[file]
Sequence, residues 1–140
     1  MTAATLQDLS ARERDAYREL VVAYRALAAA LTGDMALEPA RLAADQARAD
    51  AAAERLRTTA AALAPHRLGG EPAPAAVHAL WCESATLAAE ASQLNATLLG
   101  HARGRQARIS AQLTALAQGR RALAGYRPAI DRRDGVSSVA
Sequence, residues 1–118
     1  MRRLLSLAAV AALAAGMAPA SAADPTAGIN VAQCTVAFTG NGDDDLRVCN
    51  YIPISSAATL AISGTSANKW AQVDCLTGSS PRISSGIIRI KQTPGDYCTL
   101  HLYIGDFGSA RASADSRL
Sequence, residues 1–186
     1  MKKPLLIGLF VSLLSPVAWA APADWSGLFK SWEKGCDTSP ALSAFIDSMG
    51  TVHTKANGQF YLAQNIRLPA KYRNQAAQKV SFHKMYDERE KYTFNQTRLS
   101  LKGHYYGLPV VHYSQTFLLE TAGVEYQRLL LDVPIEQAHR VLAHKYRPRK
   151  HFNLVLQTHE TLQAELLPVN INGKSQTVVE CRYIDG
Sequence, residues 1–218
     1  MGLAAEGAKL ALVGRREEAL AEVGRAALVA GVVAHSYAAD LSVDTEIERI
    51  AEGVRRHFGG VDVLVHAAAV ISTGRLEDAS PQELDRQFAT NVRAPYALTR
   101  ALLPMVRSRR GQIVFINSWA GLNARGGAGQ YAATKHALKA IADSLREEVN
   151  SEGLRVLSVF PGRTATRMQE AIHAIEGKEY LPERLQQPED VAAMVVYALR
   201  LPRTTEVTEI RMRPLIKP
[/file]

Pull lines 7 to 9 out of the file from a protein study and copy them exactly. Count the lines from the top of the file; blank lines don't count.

    51  YIPISSAATL AISGTSANKW AQVDCLTGSS PRISSGIIRI KQTPGDYCTL
   101  HLYIGDFGSA RASADSRL
Sequence, residues 1–186